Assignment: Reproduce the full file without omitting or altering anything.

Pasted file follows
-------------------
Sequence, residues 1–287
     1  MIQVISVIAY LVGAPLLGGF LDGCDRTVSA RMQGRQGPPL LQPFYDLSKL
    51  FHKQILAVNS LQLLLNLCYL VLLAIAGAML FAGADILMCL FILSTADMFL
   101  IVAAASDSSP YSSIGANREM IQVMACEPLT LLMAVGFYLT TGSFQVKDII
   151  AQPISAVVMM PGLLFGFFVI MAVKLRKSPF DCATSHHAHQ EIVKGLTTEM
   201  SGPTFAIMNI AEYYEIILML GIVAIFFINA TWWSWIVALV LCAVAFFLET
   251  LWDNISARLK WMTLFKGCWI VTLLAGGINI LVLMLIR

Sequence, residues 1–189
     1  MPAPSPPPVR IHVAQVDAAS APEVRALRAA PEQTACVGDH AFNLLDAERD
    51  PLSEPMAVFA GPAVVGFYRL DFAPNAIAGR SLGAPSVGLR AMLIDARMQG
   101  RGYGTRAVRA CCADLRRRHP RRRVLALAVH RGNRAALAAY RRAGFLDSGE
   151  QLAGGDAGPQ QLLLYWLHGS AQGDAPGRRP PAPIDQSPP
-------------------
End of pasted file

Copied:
Sequence, residues 1–287
     1  MIQVISVIAY LVGAPLLGGF LDGCDRTVSA RMQGRQGPPL LQPFYDLSKL
    51  FHKQILAVNS LQLLLNLCYL VLLAIAGAML FAGADILMCL FILSTADMFL
   101  IVAAASDSSP YSSIGANREM IQVMACEPLT LLMAVGFYLT TGSFQVKDII
   151  AQPISAVVMM PGLLFGFFVI MAVKLRKSPF DCATSHHAHQ EIVKGLTTEM
   201  SGPTFAIMNI AEYYEIILML GIVAIFFINA TWWSWIVALV LCAVAFFLET
   251  LWDNISARLK WMTLFKGCWI VTLLAGGINI LVLMLIR

Sequence, residues 1–189
     1  MPAPSPPPVR IHVAQVDAAS APEVRALRAA PEQTACVGDH AFNLLDAERD
    51  PLSEPMAVFA GPAVVGFYRL DFAPNAIAGR SLGAPSVGLR AMLIDARMQG
   101  RGYGTRAVRA CCADLRRRHP RRRVLALAVH RGNRAALAAY RRAGFLDSGE
   151  QLAGGDAGPQ QLLLYWLHGS AQGDAPGRRP PAPIDQSPP